You'll also notice that they also have green and/or blue undertones which also plays a part in how the gray appears (how dark the gray is). You'd be surprised what is in some of these solid (non-pearl) basic colors to achieve their look.
Cactuses are not always green. They can be gray. Just like roses aren’t always red.
There were times when I mixed certain colors I thought there was no way it was going to be close, but once you removed the can from the shaker/mixer and popped the lid, there is was.
The color Gray isn't just white and black in varying amounts. It can have blues, greens, reds, or yellows in it to achieve the desired appearance/tone and how dark or light it is also comes into play.
They start 'tinting' (adding colors to) the main formula to see how it reacts to the tinting color they used and how it looks once sprayed on a test panel. The panels can also have multiple 'stages' on it where they mask off each attempt before spraying the next one with a different amount of that 'tint color' for comparison.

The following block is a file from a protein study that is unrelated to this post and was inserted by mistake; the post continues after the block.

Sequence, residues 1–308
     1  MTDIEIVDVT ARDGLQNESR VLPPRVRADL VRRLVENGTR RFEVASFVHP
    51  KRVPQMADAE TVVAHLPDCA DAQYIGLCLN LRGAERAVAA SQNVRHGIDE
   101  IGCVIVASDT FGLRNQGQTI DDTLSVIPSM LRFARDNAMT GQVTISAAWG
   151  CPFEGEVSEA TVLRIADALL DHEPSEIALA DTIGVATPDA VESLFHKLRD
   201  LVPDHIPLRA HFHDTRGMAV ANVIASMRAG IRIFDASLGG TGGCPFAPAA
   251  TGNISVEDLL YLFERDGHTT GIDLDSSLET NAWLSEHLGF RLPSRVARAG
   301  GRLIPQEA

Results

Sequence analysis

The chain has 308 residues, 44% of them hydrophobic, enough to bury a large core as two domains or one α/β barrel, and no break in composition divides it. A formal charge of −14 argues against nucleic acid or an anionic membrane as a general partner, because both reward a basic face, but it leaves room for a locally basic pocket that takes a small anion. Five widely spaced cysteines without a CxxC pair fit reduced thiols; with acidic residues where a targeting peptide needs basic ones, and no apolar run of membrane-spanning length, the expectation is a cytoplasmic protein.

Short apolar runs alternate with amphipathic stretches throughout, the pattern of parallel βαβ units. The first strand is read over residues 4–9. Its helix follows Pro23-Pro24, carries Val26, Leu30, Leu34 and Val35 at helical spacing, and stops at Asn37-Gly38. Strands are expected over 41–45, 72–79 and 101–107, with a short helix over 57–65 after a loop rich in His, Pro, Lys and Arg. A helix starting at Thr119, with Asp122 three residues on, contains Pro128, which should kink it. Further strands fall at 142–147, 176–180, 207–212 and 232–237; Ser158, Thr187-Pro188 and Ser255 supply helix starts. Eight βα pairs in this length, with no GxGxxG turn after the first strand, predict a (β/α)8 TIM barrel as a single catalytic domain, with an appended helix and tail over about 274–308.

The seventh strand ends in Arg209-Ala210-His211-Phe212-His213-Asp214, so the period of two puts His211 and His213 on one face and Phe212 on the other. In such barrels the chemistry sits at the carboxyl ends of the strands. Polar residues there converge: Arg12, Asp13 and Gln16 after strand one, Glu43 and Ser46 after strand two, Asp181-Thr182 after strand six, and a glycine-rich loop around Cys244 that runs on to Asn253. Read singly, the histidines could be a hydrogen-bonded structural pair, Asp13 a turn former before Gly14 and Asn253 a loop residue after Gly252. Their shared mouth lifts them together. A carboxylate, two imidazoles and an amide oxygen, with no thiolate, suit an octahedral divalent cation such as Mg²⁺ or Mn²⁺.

Sometimes it can take quite a bit to change and others just a little will have a huge effect. This is what is more than likely what is or has been (for all we know) going on with Catus Gray.
On a similar note but somewhat tangent. I still have the 12x12 test panel I made when I went to training school on repairing the Cadillac Alante tri-pearl white. (does this give away my age? )
It's stashed away in storage, but it is a panel where we sprayed the sealer then white base color. Then we masked off a portion of the base color and sprayed the first coat of pearl and repeated this 2 more times with the pearl. When all the pearl was sprayed we unmasked the panel and sprayed 2 coats of clearcoat. The change in how it looked from stage to stage was eye opening.
It went from a clean vibrant pearl white to a darker some what muddied pearl white. (it was also a pain in the arse to blend out on paint repairs because of this)